Workers need a program to fight high prices and unemployment

By Brian Williams
August 1, 2022

Soaring inflation over the past year and a half is battering the lives of millions of working people worldwide. Combined with the impact of the capitalist crisis on jobs, price hikes are making it increasingly difficult for workers to keep things together and raise a family. Rising costs of energy, food, child care and health care, along with higher rents and mortgage payments, are just some of the many obstacles. 

The U.S. consumer price index rose to 9.1% for the 12 months ending in June, the largest yearly increase in nearly 41 years. Gasoline prices shot up by nearly 60%. 

Hardest hit is the working class. Those getting paid least spend a greater proportion of their income on the fastest-rising items such as food, gas and housing. And as most every worker knows from experience, the government’s figures hide the scope of the crisis. The federal minimum wage of $7.25 an hour is now worth 27% less than 13 years ago. 

“It used to be you could get a bowl of fruit lower than your hourly wage,” Janelle Jackson, a member of the United Food and Commercial Workers union, told this reporter in the parking lot of a supermarket in Philadelphia where she works July 18. “Now a bowl of watermelon is $7.99 and half the size it used to be.”

This past year butter was up by 21.3%; eggs, 33.1%; coffee, 15.8%; health insurance, 17.3%; and airplane tickets, a whopping 34.1%. 

Real average hourly earnings are down 3.6% over the last 12 months, the greatest decline since the 1970s. At the same time prices rise, factory production is dropping and new orders are falling at the fastest rate since May 2020. 

‘Fuel costs have tripled’

Fuel costs have tripled for truck driver Delores Bledsoe. “It’s making me want to get out of the truck and go drive an Uber,” she told The Associated Press July 13 at a truck stop while hauling freight from Carlisle, Pennsylvania, to Wisconsin. 

President Joseph Biden sought to downplay the latest figures, as he’s done throughout his presidency, insisting the 9.1% inflation jump was “out of date.” Last month Federal Reserve Chairman Jerome Powell claimed the “economy for now is strong” and “consumers are in good shape,” something nobody who actually works for a living could honestly say.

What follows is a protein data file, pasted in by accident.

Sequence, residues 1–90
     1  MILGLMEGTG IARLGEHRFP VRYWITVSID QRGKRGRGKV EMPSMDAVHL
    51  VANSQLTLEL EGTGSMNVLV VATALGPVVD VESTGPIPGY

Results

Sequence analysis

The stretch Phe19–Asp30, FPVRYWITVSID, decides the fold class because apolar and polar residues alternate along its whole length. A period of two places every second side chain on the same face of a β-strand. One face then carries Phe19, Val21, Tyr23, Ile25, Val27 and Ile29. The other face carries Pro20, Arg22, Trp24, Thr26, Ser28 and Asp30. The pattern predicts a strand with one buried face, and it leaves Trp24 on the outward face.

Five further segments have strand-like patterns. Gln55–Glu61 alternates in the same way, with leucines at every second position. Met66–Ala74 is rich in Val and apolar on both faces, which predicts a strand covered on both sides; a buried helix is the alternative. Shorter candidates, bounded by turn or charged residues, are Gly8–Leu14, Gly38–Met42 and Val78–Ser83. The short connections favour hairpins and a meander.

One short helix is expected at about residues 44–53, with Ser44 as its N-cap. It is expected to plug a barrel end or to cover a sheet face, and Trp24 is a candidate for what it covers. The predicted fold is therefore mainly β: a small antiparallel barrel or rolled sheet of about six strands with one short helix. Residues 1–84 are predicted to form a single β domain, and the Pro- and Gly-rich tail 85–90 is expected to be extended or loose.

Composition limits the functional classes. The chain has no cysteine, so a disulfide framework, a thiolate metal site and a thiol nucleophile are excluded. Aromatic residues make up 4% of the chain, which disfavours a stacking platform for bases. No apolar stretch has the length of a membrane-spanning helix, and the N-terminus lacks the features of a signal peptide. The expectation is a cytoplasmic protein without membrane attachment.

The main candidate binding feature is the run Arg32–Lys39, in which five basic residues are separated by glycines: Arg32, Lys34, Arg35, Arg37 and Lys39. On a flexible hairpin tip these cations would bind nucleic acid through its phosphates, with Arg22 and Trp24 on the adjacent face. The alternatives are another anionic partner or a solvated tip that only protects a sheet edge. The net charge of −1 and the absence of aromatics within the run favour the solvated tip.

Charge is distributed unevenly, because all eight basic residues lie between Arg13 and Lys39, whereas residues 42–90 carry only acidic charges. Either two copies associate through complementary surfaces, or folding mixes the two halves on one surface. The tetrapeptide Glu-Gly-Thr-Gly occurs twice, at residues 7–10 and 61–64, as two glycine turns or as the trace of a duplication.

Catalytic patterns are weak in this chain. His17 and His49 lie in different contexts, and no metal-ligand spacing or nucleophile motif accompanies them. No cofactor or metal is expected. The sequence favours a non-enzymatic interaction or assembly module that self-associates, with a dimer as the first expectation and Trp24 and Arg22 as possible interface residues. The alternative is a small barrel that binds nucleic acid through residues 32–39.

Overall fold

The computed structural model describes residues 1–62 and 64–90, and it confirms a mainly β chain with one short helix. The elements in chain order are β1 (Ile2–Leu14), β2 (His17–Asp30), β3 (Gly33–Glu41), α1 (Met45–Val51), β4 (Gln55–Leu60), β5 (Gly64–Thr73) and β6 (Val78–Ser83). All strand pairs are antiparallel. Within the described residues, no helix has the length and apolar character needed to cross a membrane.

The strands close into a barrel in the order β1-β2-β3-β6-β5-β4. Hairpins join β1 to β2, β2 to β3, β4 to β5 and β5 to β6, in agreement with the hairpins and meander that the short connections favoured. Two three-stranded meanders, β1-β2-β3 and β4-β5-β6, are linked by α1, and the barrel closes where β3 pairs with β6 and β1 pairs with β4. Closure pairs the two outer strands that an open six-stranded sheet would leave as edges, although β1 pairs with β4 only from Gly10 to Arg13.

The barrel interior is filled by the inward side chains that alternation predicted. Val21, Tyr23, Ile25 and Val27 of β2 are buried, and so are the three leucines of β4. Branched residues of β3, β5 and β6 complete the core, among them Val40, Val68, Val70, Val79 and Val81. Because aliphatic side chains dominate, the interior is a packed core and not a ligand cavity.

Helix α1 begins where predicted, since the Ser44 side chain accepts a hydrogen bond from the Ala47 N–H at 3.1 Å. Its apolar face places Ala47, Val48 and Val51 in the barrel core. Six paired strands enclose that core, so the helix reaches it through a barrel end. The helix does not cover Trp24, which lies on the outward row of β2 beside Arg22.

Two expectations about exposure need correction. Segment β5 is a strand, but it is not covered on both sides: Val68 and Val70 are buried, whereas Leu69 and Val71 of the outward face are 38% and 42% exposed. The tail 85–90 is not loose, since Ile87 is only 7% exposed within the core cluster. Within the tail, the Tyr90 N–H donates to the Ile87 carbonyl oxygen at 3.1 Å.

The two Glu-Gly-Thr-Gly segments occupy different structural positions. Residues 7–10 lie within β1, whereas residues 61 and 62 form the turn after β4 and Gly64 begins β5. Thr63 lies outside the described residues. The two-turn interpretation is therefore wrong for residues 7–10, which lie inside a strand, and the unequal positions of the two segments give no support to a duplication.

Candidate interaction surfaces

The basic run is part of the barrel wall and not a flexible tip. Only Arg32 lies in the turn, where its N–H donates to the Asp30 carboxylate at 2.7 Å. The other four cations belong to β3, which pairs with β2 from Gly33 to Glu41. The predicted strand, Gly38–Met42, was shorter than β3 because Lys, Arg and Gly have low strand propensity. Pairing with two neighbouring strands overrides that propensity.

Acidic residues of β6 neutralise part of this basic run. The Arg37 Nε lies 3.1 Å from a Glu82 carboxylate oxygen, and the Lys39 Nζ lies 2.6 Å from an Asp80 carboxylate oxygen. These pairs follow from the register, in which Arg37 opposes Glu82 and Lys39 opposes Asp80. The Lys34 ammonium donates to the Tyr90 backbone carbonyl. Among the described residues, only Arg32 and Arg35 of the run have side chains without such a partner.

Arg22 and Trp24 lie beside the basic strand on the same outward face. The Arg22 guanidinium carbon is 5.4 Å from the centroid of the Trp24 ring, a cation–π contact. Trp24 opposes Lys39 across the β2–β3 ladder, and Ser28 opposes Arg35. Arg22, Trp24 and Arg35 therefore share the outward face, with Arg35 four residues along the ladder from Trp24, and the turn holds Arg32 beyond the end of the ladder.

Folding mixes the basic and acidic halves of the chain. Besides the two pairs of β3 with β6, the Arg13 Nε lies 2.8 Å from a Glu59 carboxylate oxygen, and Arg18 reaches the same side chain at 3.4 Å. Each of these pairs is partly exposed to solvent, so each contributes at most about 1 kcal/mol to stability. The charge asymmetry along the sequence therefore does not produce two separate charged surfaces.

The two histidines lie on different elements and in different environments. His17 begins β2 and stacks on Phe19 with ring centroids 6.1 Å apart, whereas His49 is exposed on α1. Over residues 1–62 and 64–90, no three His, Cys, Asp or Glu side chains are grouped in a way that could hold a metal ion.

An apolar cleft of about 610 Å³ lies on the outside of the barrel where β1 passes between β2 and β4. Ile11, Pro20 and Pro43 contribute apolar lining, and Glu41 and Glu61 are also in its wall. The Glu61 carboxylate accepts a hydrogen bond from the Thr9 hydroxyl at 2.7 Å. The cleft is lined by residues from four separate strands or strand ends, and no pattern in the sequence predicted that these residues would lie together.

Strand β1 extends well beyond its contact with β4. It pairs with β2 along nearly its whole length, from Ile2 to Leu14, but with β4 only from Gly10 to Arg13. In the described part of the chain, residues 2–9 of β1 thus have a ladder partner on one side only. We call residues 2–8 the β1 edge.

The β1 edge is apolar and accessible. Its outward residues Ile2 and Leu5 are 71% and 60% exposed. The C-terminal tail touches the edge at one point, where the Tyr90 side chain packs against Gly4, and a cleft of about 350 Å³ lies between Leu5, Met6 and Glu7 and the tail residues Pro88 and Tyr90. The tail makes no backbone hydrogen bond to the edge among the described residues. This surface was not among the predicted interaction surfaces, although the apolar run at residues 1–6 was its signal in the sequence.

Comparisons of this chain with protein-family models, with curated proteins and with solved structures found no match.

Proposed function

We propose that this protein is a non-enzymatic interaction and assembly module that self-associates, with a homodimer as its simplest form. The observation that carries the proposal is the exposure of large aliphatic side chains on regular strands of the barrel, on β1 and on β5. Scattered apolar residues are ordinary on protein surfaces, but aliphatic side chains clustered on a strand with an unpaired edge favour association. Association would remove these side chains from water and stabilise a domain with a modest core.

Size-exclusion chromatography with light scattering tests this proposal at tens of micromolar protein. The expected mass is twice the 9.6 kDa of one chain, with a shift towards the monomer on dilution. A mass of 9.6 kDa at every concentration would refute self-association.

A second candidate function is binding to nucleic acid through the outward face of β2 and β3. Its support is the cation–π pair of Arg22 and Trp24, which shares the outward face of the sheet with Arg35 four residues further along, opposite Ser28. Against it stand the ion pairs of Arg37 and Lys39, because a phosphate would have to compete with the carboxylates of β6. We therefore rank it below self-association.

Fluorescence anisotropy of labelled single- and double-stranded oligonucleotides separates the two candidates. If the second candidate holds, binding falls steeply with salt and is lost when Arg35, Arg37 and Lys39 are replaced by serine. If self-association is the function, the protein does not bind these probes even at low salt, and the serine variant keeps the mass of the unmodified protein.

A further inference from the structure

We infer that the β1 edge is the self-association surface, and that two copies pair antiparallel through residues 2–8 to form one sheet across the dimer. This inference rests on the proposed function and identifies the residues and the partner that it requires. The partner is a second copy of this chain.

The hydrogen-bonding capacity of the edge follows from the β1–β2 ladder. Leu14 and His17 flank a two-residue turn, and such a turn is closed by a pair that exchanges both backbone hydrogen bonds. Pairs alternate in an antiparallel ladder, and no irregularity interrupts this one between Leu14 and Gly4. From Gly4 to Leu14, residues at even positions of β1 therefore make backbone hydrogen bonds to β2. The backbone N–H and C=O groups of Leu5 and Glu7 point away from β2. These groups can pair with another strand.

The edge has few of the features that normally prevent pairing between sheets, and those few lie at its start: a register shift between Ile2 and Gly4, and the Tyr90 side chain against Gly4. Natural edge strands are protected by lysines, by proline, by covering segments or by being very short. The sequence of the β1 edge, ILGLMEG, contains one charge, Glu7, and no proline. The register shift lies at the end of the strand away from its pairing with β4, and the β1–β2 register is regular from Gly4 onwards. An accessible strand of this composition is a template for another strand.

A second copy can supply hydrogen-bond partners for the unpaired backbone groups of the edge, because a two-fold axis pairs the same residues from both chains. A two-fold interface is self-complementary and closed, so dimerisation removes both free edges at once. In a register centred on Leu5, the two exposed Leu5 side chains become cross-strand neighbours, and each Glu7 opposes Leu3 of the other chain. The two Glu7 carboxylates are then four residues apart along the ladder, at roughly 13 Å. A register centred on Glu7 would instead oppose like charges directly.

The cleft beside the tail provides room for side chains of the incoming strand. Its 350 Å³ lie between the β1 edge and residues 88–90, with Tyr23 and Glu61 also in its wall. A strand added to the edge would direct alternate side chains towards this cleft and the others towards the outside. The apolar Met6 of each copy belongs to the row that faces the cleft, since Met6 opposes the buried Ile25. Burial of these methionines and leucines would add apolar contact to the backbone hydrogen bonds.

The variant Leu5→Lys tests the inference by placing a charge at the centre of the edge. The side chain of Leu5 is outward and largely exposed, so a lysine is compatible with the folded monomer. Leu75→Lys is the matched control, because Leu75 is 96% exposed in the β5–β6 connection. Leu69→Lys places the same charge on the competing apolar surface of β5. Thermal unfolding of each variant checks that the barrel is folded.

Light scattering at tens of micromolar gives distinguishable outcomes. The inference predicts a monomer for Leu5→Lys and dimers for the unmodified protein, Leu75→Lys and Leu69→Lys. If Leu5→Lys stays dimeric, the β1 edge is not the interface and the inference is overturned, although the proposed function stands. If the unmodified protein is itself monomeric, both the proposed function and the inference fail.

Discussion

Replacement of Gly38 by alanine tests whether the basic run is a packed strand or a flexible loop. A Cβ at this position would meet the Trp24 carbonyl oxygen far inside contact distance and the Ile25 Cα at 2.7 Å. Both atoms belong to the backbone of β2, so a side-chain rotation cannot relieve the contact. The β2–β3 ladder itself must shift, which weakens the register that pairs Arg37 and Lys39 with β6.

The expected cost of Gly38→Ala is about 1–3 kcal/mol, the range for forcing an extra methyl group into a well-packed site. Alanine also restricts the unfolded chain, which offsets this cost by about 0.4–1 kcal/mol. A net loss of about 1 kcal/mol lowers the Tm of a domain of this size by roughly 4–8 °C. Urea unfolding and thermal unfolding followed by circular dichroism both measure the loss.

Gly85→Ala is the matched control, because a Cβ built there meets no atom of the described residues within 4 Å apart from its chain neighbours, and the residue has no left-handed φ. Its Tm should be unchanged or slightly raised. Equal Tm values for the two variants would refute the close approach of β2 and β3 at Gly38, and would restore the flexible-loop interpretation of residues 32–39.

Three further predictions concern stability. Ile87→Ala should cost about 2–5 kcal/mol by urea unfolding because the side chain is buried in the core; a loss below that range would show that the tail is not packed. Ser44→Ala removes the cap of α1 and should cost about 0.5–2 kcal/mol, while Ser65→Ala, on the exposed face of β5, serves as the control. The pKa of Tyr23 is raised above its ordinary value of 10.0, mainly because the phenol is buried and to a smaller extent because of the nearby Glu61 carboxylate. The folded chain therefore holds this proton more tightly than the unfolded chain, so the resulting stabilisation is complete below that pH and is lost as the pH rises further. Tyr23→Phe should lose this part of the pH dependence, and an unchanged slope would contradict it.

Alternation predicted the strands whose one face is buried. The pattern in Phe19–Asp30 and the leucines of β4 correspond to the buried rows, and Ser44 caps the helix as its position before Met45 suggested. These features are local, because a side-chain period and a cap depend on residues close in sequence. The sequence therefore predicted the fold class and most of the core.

The Fed — the U.S. government’s national bank — had implemented a steep 0.75% increase in interest rates, forcing higher loan repayments out of workers with mortgages, auto loans, credit cards and other debts. Its board members say a similar interest rate hike, if not more, is likely at the end of the month. 

These moves have raised the dollar to a 20-year high against the currencies of major trading partners like Japan and the eurozone. As a result, import costs from the U.S. are higher and governments in semicolonial countries — like Pakistan, Ghana and El Salvador, with some of the highest dollar debts — will find these more and more unpayable, as with Sri Lanka. Bosses and their governments then drive to extract from us more of the wealth produced by the labor of working people and put it into the coffers of banks in the imperialist centers. 

The Wall Street Journal editors complained July 14 that during similar inflation in the 1970s, “policy makers lacked the will to contain it.” But whenever governments that serve the bosses try to “contain” inflation, it always involves targeting the jobs and living and working conditions of the working class. 

For cost-of-living adjustment clauses

“The labor movement needs to fight for cost-of-living adjustment clauses in all union contracts and benefits, so that whenever prices rise our wages go up automatically,” Joanne Kuniansky, Socialist Workers Party candidate for Congress from New Jersey, told the Militant. “And we need to demand a shorter workweek with no cut in pay — 30 hours work for 40 hours pay — to spread the available work around.”

Inflation is not caused or resolved by bankers tinkering with interest rates. Its origins are in the crisis of the capitalist system. As profit rates decline, capitalists cut investment in capacity-expanding production and equipment. Competition among them sharpens and they press governments to print vast amounts of money. As the supply of money outstrips the output of commodities, prices go up. 

Skyrocketing food prices are increasing the number of working people seeking assistance from food banks in order to feed their families. “It’s really impossible to get by now without some help. The prices are way too high,” Tomasina John, a mother of four, told AP as she lined up outside St. Mary’s Food Bank in Phoenix. She said her family had never visited a food bank before.